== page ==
Sometimes names and terms are pretty interchangeable and everyone understands what is being referred to without confusion, but then there are times when things are not so clear and leave you with more questions than answers. Today’s SuperUser Q&A post helps clarify things for a confused reader.
Today’s Question & Answer session comes to us courtesy of SuperUser—a subdivision of Stack Exchange, a community-driven grouping of Q&A web sites.
Hex editor screenshot courtesy of Rwxrwxrwx (Wikipedia).
SuperUser reader Joseph A. wants to know why hex editors are called binary editors:
Hex and binary are two different bases. Hex, as I understand it, is simply an “easier to use” version of binary and more convenient. However, I hear quite often that hex editors are binary editors. If you actually search for “binary editors” on Google, you get hex editors. Why is that? What is the connection?
Why are hex editors called or referred to as binary editors?
SuperUser contributors Steven and BarryTheHatchet have the answer for us. First up, Steven:
A binary editor edits a binary file. [Binary File – Wikipedia]
- A binary file is a computer file that is not a text file. […] Binary files are usually thought of as being a sequence of bytes, which means the binary digits (bits) are grouped in eights. Binary files typically contain bytes that are intended to be interpreted as something other than text characters.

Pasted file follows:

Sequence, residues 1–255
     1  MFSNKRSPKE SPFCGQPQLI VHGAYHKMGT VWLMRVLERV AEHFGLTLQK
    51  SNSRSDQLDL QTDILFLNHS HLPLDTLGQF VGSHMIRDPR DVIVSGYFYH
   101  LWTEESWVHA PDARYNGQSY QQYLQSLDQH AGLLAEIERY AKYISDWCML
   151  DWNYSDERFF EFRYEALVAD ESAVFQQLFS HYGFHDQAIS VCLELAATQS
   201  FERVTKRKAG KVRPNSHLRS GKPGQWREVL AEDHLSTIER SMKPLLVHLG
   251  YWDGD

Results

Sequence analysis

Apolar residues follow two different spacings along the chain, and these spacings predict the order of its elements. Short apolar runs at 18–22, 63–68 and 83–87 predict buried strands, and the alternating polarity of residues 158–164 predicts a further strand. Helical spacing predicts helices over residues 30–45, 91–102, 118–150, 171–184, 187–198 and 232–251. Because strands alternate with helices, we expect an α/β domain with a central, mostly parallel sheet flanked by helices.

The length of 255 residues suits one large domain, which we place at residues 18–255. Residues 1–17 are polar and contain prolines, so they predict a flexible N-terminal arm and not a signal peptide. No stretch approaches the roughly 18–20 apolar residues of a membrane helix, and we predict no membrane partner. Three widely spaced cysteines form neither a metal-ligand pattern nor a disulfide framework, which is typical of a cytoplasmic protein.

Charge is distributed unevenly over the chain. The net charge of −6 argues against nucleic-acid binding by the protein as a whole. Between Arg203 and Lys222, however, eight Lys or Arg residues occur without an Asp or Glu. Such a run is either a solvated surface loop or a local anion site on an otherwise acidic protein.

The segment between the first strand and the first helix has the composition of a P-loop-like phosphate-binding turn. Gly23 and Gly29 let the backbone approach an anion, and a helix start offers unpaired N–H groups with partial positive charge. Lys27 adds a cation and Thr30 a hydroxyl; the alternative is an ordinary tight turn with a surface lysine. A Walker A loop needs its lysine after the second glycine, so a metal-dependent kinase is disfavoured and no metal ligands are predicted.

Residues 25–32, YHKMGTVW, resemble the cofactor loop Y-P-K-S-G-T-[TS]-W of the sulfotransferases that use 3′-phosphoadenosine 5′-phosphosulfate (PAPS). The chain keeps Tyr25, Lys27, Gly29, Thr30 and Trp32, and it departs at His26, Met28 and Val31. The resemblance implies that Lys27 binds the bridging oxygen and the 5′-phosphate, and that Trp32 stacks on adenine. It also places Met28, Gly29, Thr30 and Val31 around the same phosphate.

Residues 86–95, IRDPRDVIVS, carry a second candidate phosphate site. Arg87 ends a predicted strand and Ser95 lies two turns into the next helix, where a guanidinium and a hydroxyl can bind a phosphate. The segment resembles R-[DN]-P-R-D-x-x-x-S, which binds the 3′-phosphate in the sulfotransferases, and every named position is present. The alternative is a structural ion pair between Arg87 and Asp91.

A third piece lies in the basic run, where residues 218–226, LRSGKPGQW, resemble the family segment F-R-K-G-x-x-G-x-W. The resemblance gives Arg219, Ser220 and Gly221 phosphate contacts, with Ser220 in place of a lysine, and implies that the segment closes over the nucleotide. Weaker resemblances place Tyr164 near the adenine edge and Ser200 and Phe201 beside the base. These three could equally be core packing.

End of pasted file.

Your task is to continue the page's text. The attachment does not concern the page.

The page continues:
A hex editor is a type of binary editor in which binary data is represented in hexadecimal form. [Hex Editor – Wikipedia]
- A hex editor (or binary file editor or byte editor) is a type of computer program that allows for manipulation of the fundamental binary data that constitutes a computer file. The name “hex” comes from “hexadecimal”, a standard numerical format for representing binary data.
Followed by the answer from BarryTheHatchet:
Terminology is hard and different people have all sorts of different names for things.
In this instance, it appears that the “hex” in “hex editor” refers to the conventional human-readable representation of each byte’s value, whereas the “binary” in “binary editor” refers to the notion that you are indeed editing the file at the byte level (computers store bytes in binary) without consideration for higher-level text encoding and the like. Recall that files not readily representable in higher-level text form are called “binary files” or “binaries” for the same reason.
Neither is technically incorrect, they just come at the naming problem from different angles. On a personal note, though, I would tend to agree that “binary editor” is confusing overall.
Have something to add to the explanation? Sound off in the comments. Want to read more answers from other tech-savvy Stack Exchange users? Check out the full discussion thread here.